duction. The subjects of these works of art were as sug- 
gestive as they were badly executed. In one of them a 
young Chinaman who had not accepted the Christian creed 
was to be seen roasting in the midst of huge flames of bright 
vermilion and chrome yellow. In the other a Chinese 
Christian with a happy countenance was led by an angel 
for a walk on the clouds. A full description both in Chi- 
nese and French was printed on the margin of these chefs 
d'ceuvre, to enlighten persons who might entertain any 
doubt as to what the pictures were meant to represent. A 
few benches and a couple of wooden chairs were the re- 
mainder of the furniture in this humble place of worship. 
All the villagers went to it in the morning and evening to 
say their prayers, and on Sunday one of the Trappist fathers 
came over to celebrate mass. 


The fathers at dinner — The dormitory — Trappists' dress — My 
bedroom — The Great Wall of China — ^Towers — On Trinity day 
— Man and speech — A sad story. 

On returning to the monastery, I found the fathers at din- 
ner. One of them was reading aloud while the others were 
eating, and Father Maurus told me afterwards that that 
was done at all meals; the father reader has his dinner later, 
when the others are at church praying. 

Father Maurus took me to see the dormitory, a long 
rectangular room with small cells on each side, each cell 
being about seven feet long and four wide. A bunk with a 
rough mattress was all the furniture in each cell, and few 
of them had blankets, as the monks usually slept in their 

Near the entrance door a pretty marble shell with holy 
water adorned the wall as a stoup, and at its sides hung a 
clothes-brush and a pair of scissors. 

Fathers and novices dress entirely in white. Father 
Maurus, being the superior, wears a leather belt, which ends 
in several knots, similar in shape to the rope girdles worn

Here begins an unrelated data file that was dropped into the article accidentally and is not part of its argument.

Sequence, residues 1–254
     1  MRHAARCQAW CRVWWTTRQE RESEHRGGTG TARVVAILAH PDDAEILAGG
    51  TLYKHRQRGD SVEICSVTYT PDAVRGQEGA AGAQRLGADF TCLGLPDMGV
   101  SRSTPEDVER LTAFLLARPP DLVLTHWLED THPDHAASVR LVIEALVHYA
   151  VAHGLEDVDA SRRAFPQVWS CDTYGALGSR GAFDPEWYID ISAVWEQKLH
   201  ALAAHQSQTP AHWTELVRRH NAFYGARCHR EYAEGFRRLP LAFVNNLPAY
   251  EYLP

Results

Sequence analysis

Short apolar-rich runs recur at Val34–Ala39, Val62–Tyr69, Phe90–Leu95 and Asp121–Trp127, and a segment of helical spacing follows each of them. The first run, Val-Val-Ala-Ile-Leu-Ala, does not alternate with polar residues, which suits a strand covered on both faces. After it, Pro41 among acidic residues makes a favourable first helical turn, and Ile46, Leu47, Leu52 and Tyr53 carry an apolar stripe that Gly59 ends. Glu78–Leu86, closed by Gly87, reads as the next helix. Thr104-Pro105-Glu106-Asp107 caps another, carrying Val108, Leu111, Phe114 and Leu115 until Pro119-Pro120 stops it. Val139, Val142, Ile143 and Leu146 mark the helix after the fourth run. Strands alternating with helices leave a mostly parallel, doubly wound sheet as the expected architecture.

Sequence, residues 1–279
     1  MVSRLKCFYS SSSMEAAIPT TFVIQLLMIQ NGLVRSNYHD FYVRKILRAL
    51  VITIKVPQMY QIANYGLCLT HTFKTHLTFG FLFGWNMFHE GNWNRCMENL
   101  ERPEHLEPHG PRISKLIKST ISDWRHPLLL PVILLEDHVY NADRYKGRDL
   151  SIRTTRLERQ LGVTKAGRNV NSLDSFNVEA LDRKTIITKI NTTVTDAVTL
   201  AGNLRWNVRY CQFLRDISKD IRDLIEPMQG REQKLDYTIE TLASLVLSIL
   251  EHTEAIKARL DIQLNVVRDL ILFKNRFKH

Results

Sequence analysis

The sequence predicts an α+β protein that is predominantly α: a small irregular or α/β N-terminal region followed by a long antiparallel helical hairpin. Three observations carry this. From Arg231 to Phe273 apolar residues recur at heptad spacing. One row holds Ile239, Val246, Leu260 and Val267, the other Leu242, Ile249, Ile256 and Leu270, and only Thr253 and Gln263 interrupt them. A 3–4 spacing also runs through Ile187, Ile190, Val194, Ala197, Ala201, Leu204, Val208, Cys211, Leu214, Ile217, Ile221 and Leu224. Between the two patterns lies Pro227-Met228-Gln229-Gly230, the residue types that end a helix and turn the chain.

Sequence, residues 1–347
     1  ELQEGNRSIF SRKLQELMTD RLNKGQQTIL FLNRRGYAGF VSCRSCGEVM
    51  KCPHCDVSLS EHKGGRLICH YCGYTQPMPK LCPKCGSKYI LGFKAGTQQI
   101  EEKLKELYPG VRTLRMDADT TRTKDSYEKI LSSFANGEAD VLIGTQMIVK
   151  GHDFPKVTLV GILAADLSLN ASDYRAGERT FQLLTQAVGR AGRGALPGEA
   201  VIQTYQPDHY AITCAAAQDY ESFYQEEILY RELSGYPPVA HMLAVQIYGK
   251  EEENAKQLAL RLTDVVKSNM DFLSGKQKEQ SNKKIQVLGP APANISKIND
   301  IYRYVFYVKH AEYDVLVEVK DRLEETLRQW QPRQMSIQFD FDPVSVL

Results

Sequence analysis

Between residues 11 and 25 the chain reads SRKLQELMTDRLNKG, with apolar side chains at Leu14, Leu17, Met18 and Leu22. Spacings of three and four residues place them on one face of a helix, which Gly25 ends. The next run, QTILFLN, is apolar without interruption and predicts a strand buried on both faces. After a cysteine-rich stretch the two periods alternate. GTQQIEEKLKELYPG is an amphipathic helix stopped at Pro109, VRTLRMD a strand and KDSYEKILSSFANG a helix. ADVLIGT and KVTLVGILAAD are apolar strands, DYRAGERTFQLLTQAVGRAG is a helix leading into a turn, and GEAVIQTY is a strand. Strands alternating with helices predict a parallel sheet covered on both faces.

by monks of the Franciscan and other orders. 

The Trappists are bareheaded, except shepherds, who 
wear hats of enormous size. Each monk is, however, pro- 
vided with a cowl, which is very seldom used. 


I was shown my bedroom — a cell like all the others — 
only in a separate part of the building, not inhabited by the 
Trappists. There was a wooden crucifix at the head of my 
bunk, and a hard mattress, but no pillow; and I searched in 
vain for pegs, which plainly showed me that Trappists are 
more religious than practical, although, on further reflec- 
tion, I may have been unjust in my hasty judgment, since 
they themselves never undress. My paint-box, as usual, 
answered the purpose of a pillow, and altogether I made 
myself fairly comfortable. 

I was up early, having decided to go and see a portion of 
the Great Wall and the famous towers of Tung-an-tzu, not 
many miles off. I passed Hu-tzia-Ku, and the catechist 
insisted on accompanying me. 

Having left my mules at the Tung-an-tzu temple, at the 
foot of the mountain, I proceeded to climb to the summit, 
where the two towers are. 

The Great Wall of China has always been a stumbling- 
block to Europeans. Some imagine that it is an enormous 
structure, thousands of miles long, and wide enough to al- 
low four lines of carriages to drive on the top. Others go 
so far as to assert that it is a myth. There is not only one 
Great Wall of China, but many Great Walls, which in some 
places run parallel to each other. But the Great Wall is not 
continuous, as is very generally supposed; nor is it nearly as 
high, or as wide, as is popularly believed. The only por- 
tion of the wall in Northern China that is continuous for 
several hundred miles is that which runs west from the sea 
(Petchili Gulf) to Kalgan, and this is not as solidly built as 
that portion which runs from Chatao (NNW. of Pekin) in a 
south-westerly direction. 

The wall began from the first tower we reached, and went 



across valleys and mountains; at intervals there were other 
similar towers, with vaulted roofs, which, however, were 
generally tumbling down, the arches having given way 
and the ceiling fallen in. The outside walls were still in 

excellent preservation. In 
all the towers the walls 
were double, and access to 
the upper floor was ob- 
tained by going up a small 
staircase, similar to that of 
a ship, and nearly perpen- 
dicular. The upper part 
of the tower was of bricks, 
but the lower part and the 
foundations were made of 
enormous blocks of gran- 
ite kept well together by 
strong cement. Between